Home | Reviews | Articles | Festivals | Competitions | Other | Contact Us

Lufthansa Festival of Baroque Music 2010

Vivaldi concertos

Pamela Thorby recorder
Peter Whelan bassoon
Sara Deborah Struntz violin
La Serenissima/Adrian Chandler

St. John's, Smith Square, 15 May

This was a CD-launch concert; as we already had the CD for review, and had greatly enjoyed their previous Vivaldi in France disc, we listened to the first part of the concert (only 35 minutes music !) at St John's and, for comparison, the second half back at home.

This English ensemble, based in Winchester, has made a niche for itself which compares well with Italian rivals. The violinists are excellent and Pamela Thorby (recorders) and Peter Wheelan (bassoon) real stars. Both of them were as assured live as on studio discs; Whelan's baroque bassoon is on the quiet side, and Pamela Thorby displayed real flair, nearly taking over direction of the orchestra with her ample gestures.

The sound from Row H of St John's was clear and gave an excellent impression of a cohesive ensemble live, if a little recessed even within the front block, and it has to be said that the concert offered short measure at prices up to £30 + booking fees, the CD having identical programme, plus an additional 12 mins violin concerto, at TT c.1 hr 10 mins total, a duration more usual for lunch-time concerts; better value at from c. £10 !

Gods, Emperors and Angels

Avie - AV2201

This CD, details as above, is admirable in every way, and the substantial "extra" concerto, L'amoroso from La Cetra, is notable for its unusual affetuoso style, with abundant appoggiaturas. The recorded sound (Hospital of St Cross, Winchester) is perfectly focused and detailed and the sequence nicely contrasted.

Peter Grahame Woolf


Madrigals into Opera

Madrigals by Wert, Rore, Marenzio, Gesualdo and Monteverdi
Monteverdi: Orfeo,Prologue and Conclusion to Act 2; Ballo delle ingrate

I Fagiolini & Barokksolistene/Robert Hollingworth
St. John's, Smith Square, 16 May

Emerging into SJSS from torrential rain (we had nearly given up !) we did not see until too late that text-sheets were available on request to add to our Festival programme books, so heard the first half in ignorance of the words of some complex madrigals, as explained by Robert Hollingworth, who also took part in the singing and played harpsichord.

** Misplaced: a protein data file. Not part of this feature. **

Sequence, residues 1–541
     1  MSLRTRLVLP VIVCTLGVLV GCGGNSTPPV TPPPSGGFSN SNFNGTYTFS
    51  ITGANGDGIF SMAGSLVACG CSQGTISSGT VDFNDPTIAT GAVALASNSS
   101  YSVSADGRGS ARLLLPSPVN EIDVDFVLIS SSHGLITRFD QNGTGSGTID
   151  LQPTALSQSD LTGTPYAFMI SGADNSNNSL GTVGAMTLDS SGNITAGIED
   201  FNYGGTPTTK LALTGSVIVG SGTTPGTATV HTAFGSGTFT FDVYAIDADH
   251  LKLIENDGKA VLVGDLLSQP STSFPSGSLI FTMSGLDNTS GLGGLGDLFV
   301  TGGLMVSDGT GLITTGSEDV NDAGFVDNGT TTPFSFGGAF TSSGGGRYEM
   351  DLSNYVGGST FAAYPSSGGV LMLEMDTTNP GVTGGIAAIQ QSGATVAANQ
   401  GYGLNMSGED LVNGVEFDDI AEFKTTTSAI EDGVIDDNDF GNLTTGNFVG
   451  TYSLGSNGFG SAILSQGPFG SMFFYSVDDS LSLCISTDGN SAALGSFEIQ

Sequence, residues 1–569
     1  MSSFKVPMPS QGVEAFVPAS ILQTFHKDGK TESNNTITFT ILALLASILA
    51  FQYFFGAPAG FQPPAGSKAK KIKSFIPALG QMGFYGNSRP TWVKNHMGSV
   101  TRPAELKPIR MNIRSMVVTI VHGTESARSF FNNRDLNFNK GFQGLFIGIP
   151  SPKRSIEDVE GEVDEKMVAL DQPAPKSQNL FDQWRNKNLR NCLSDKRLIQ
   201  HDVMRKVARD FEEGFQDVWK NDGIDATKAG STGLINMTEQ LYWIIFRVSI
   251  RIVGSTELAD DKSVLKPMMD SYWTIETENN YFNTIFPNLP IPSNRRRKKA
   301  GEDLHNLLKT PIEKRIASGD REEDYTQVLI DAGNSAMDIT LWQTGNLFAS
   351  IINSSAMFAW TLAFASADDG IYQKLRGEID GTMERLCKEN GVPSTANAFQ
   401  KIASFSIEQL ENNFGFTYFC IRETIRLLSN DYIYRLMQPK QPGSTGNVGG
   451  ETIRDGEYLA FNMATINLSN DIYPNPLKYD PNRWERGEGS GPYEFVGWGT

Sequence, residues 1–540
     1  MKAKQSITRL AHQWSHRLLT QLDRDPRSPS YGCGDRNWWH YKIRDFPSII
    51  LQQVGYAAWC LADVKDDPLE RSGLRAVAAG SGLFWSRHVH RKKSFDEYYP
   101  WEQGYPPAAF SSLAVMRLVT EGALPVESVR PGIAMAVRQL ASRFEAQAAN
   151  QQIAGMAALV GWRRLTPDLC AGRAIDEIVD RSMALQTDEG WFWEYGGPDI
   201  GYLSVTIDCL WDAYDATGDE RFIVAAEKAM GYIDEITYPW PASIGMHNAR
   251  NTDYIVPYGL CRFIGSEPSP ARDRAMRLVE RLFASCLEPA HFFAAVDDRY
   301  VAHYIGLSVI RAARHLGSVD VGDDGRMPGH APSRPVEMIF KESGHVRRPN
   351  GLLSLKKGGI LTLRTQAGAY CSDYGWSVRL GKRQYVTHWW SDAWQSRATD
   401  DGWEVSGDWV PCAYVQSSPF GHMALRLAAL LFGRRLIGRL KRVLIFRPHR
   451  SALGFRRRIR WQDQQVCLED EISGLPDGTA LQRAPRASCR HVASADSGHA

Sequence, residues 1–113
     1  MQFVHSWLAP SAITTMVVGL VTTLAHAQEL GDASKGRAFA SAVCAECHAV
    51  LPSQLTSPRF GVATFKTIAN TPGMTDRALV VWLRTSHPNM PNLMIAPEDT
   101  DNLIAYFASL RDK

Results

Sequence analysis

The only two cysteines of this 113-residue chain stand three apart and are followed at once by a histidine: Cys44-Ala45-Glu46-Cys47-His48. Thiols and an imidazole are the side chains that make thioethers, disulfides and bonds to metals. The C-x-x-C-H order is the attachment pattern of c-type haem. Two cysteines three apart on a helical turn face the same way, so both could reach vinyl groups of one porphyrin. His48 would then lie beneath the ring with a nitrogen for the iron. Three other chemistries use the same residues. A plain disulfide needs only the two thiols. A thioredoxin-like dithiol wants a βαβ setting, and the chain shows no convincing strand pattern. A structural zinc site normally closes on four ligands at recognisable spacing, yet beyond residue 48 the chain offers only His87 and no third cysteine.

This full-length concert was stage-managed with flair, ending with a semi-staged performance of the Ballo delle ingrate which utilised the whole of the church, with a duly frightening "horrible noise of untuned drums" and Pluto, a stirring bass, scaring us from various vantage points around the hall, it all finishing with a descent of the spiral staircase to be "swallowed by the burning cave".

Sonically, the proceedings were managed superbly, with every voice and instrument having its moment, the whole far more vivid than La Serenissima's the previous night, partly because the curtains behind the stage were opened, enhancing reflection of the sound from the back window into the auditorium. No feeling tonight that we were losing out against recorded studio sound on CD.

Surprisingly, I Fagiolini's Monteverdi recordings were not on sale - for review of their Sweet Torment Chandos CHAN 0760, which includes Ballo delle ingrate, see http://www.musicalpointers.co.uk/reviews/cddvd10/MonteverdiIFagiolini.html

Peter Grahame Woolf

Stripping away the polite impersonality that the Oxbridge choral world has brought to so much Early Music, their emotionally committed and dynamic approach to their repertoire is irreverent without ever being gimmicky. Rarely have I learnt so much on a Sunday night, or had quite so much fun doing it. [MusicalCriticism]

Handel La Resurrezione

Mhairi Lawson Angel
Gillian Webster Mary Magdalen
Romina Basso Mary Cleophas
Jeremy Ovenden St. John
Vuyani Mlinde Lucifer

Gabrieli Consort & Players/ Paul McCreesh

St John's Smith Square, 20 May 2010


This was one of the most successful of this year's Lufthansa Festival events. There are several recordings but because it comes from Handel's italian period, La Resurrezione is little known in UK and most of us will have been hearing it for the first time, with due amazement.

Handel had journeyed 700 miles to Italy, where he hoped to be composing operas, but they were banned by the Pope of the day, so this was a compromise.

It is all but opera, with florid solo arias and an Easter story, but not really suitable for full staging. We had two distinguished substitute singers, at short notice, their roles demanding extreme virtuosity, but they were both superb, and the whole thing was put over with huge conviction and style.

It was recorded for broadcasting on BBC R3 2nd June 7 p.m. - not to be missed !

Peter Grahame Woolf